Leinbach Expanding

Tulsa asset management firm the Leinbach Company expands — most recently with the purchase and renovation of the 224-unit Spring House Apartments in Lexington, Ky., and takeover of the 212-unit The Hunt Apartments in Oklahoma City.
Leinbach said his firm’s constant expansion has been due to sticking with a few business principals, and that his best luck has come buying properties from large management companies that have a single asset left in a given market.
“Running a single asset in Kentucky could be tedious,” he said. But the Leinbach Co. already had two complexes (Breckinridge Court and the Brandywine Apartments) and a quality staff in the area, and so it ends up paying a heavily discounted price for the property.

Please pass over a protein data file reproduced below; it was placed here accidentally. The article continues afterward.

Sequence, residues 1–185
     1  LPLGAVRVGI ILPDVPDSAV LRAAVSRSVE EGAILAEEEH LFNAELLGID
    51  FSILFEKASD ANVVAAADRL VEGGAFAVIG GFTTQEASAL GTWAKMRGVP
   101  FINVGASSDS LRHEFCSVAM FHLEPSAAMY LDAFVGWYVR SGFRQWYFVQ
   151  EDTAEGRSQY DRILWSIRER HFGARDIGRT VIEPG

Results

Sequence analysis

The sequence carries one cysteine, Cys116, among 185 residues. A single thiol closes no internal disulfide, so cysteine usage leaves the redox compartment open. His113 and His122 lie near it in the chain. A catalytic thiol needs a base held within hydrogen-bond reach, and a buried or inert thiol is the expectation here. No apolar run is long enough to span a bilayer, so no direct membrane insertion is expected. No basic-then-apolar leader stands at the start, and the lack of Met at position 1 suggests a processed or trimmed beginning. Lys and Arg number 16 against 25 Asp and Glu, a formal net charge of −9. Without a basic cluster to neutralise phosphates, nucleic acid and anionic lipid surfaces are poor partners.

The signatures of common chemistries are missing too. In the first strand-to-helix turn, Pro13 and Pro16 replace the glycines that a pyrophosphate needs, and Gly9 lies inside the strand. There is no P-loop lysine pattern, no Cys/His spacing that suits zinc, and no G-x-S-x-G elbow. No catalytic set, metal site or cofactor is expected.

“We happened to be looking for another piece of property in Kentucky at the time, and it ended up working out for everyone involved,” Leinbach said.
The second part of Leinbach’s strategy is to focus his business in second-tier markets, cities limited in scope but with solid projected growth.
Leinbach sites as an example Lexington, with a population roughly the size of Tulsa and an area college (University of Kentucky) with an aggressive growth plan. The company also operates in Kingston, N.Y. (pop. 24,000), Jupiter, Fla. (pop. 40,000), Tulsa (pop. 350,000) and Oklahoma City (pop. 550,000).
The key in smaller markets is stable demand, he said.
“In some big cities, you had so much building that you now have what’s called shadow vacancy, which is an oversupply of housing,” Leinbach said. “Tulsa doesn’t have that, nor do these smaller cities.”
Finally, it’s all about quality.
“All the properties we have are what I call A-minus and B-plus properties,” Leinbach said. “Because we have nice properties, we can require pristine credit, which usually means they will be better taken care of. Every time I have made an exception to that, it has come back to haunt me.” ?′



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